Second, the main sanction – the main tax on corruption, if you will – for this group of countries should be “enforced transparency”. All documentation relating to contracts concluded between western companies and partners from countries representing corruption risks should be published if the contracts are to the slightest degree connected with the state, its officials, or their relatives.

You work for a state-owned company in a country at high risk of corruption and want to buy a villa on the French Riviera? Fine, go ahead, but you should know that all the information about the deal will be publicly available. You want to have dealings with an official in Minsk or the aunt of a Russian governor? No problem, but you will have to publish the entire paper trail of the transaction, and will no longer be able to conceal the bribe you pay through that “regional representative” or “local partner”.

Third, combating corruption without combating corrupt individuals is the merest hypocrisy and undermines voters’ trust. Until personal sanctions are imposed on oligarchs, primarily those in the entourage of Putin – the role model for all the world’s corrupt officials and businessmen – any anti-corruption rhetoric from the west will be perceived as game-playing and hot air.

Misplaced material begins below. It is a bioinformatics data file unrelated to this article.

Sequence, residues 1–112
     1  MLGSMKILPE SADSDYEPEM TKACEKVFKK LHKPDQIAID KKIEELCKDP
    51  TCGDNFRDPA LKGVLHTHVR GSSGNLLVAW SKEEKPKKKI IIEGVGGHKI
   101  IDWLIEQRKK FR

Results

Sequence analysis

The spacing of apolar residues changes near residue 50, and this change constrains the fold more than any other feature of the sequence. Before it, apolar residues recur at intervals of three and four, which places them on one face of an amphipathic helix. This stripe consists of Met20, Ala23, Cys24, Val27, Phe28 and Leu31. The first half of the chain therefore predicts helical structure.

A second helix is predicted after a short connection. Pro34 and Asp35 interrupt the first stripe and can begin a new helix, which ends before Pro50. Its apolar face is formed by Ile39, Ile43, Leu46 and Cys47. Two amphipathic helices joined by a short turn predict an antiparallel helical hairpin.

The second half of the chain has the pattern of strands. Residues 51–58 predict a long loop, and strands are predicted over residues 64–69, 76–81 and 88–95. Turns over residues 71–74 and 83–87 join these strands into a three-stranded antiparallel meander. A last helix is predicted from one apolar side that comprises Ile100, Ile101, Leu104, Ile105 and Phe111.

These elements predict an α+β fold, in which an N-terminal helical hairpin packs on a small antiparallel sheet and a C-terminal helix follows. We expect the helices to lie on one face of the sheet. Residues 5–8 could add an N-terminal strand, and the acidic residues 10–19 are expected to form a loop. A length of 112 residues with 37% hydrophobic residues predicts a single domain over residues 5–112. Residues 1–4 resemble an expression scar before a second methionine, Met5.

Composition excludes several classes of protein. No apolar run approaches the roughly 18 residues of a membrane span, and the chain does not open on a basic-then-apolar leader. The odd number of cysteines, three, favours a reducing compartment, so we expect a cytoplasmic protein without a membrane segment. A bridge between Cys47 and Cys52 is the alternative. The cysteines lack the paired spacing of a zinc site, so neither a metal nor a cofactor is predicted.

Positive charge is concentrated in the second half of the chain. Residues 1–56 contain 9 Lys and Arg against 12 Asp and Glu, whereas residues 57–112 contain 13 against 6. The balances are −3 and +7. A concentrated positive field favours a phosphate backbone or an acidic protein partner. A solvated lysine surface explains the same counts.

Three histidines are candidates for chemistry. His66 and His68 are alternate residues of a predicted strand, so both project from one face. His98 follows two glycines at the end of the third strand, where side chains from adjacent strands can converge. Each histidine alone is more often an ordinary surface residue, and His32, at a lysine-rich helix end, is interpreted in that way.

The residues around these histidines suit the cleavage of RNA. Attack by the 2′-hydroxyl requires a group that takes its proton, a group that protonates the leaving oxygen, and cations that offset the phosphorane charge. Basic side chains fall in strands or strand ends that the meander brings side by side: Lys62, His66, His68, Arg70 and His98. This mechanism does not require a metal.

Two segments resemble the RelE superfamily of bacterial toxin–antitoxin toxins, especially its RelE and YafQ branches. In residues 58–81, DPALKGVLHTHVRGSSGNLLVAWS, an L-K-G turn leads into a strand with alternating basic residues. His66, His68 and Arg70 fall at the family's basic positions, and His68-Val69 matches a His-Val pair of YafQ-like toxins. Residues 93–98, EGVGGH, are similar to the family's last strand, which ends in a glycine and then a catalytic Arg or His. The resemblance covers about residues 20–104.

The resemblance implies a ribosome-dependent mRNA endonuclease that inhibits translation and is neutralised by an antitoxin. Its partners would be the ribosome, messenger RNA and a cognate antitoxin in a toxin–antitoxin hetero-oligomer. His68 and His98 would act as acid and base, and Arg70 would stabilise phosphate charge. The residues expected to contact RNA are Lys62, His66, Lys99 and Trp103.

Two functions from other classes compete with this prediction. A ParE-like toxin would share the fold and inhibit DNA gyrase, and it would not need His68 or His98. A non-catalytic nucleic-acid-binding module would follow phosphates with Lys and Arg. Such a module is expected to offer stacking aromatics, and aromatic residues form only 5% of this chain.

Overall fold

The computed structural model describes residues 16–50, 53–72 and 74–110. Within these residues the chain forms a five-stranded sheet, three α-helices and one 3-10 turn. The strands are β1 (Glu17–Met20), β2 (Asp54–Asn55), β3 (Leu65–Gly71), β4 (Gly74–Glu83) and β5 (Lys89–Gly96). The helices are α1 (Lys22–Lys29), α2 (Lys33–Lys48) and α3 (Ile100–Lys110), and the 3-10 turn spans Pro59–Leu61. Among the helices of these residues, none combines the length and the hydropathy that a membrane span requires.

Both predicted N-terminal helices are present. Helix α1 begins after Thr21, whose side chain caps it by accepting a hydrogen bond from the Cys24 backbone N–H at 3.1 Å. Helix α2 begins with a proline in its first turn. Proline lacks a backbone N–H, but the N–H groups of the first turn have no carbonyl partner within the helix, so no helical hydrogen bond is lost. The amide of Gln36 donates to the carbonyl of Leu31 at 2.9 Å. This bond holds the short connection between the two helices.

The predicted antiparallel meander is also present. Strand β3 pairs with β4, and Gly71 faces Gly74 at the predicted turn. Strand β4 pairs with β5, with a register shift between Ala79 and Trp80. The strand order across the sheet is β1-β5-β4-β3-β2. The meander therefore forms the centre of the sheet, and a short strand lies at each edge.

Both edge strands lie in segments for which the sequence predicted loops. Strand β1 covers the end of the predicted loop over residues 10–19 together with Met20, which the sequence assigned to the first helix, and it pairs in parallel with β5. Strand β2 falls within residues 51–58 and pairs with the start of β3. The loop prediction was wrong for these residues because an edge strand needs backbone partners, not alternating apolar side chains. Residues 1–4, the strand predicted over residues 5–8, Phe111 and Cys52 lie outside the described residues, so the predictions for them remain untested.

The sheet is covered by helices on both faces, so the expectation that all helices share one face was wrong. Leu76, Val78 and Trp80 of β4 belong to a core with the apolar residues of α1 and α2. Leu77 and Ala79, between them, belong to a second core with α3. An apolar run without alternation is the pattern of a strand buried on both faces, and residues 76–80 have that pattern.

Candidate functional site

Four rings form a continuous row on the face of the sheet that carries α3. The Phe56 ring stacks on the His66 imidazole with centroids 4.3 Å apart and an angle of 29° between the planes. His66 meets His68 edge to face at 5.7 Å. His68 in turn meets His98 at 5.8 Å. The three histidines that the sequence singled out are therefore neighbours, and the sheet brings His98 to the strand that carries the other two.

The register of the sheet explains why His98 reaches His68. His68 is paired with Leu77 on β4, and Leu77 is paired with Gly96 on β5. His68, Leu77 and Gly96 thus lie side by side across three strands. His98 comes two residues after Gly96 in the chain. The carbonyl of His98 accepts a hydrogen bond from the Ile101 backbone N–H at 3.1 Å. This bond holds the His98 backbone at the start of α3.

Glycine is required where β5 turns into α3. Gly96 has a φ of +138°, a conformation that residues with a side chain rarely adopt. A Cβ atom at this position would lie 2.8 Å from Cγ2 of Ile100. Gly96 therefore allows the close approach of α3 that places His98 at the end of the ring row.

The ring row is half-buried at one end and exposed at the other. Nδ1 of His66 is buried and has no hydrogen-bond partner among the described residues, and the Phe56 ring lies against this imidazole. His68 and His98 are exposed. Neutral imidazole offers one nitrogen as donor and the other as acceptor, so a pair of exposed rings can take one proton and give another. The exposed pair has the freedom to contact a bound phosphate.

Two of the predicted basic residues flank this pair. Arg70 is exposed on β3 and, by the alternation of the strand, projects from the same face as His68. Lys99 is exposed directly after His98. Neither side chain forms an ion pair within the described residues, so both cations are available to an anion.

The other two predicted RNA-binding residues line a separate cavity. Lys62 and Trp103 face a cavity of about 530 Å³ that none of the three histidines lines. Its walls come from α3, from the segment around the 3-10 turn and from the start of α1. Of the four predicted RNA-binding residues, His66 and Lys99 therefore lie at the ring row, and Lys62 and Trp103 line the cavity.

There is nothing more frustrating than reading the latest sanctions list, replete with the names of intelligence service colonels and generals nobody has ever heard of, but meticulously cleared of the people in whose interests these colonels act. The west needs to free itself of a semantic mindset where the label “businessman” acts as an indulgence, making it very difficult for them to figure on sanctions lists. Putin’s oligarchs, those heading “state-owned” companies and companies that are formally private but whose prosperity is linked to Putin’s group, are not businessmen but leaders of organised crime groups. At present, alas, the western establishment acts like Pavlov’s dog: you show them a colonel of the intelligence services and they yell, “Sanction him!”; you show them the oligarch paying the colonel, and they yell, “Invite him to Davos!”